Speaker: David Levin, Disney Research, Boston
Title: Physically-Based Simulation for Animation and Fabrication
Physics-based simulation has become a transformative tool for solving problems in computer animation and computational fabrication. In this talk I will discuss how leveraging unique abstractions, new discretizations and data-driven techniques can allow us to animate and fabricate a wide-range of phenomena with improved performance, robustness and accuracy. I’ll show how layered discretizations can enable photoshop like editing of physically-based animations, how Eulerian methods can be used to robustly simulate deforming objects in close contact, how 3D printing and simulation can produce new musical instruments, and more. I’ll conclude by discussing the important challenges facing physics-based animation and fabrication now and in the future.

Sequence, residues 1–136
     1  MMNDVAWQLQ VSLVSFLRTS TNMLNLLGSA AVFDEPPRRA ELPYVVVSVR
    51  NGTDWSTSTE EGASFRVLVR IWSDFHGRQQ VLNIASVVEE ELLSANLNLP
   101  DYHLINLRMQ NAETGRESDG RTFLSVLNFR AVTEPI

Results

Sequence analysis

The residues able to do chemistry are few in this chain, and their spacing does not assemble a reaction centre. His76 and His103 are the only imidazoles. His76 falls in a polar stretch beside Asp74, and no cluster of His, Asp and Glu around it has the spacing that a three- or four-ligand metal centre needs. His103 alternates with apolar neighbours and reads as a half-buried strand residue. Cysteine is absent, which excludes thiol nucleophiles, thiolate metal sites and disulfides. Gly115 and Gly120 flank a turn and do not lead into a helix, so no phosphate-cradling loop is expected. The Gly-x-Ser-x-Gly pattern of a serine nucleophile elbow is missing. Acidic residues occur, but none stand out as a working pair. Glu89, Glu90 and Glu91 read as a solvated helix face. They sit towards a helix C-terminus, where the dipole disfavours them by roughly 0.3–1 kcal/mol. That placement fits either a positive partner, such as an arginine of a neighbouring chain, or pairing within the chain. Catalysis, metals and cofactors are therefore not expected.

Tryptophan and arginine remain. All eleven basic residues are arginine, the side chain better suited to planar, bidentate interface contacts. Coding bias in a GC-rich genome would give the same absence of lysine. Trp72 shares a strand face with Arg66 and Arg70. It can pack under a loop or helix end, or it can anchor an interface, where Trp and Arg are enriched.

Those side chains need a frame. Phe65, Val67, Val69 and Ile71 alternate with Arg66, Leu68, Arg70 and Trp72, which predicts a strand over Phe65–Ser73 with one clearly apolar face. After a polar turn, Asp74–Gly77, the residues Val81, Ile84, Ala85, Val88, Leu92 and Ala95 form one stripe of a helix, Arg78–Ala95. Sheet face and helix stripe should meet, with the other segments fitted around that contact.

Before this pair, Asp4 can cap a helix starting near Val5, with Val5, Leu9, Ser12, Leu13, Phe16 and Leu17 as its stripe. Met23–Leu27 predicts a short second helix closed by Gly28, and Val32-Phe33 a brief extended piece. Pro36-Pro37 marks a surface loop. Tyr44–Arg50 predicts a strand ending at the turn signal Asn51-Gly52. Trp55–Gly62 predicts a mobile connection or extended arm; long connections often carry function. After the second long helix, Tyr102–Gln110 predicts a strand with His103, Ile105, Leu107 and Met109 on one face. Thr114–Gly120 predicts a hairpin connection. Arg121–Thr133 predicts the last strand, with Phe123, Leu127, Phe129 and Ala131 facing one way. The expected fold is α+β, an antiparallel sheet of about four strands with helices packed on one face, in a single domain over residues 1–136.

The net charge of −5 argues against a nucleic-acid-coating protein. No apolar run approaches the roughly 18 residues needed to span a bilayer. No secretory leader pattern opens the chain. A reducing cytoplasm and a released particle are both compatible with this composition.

David Levin is an Associate Research Scientist at Disney Research in Cambridge, Massachusetts. His main research interests are in using new simulation techniques to allow artists, engineers and scientists to study and create -- everything from animations to machines. Prior to that, he was a postdoc with Professor. Wojciech Matusik at MIT, having received his PhD under Dinesh K. Pai at the University of British Columbia (with a minor in skiing snuck in on the side).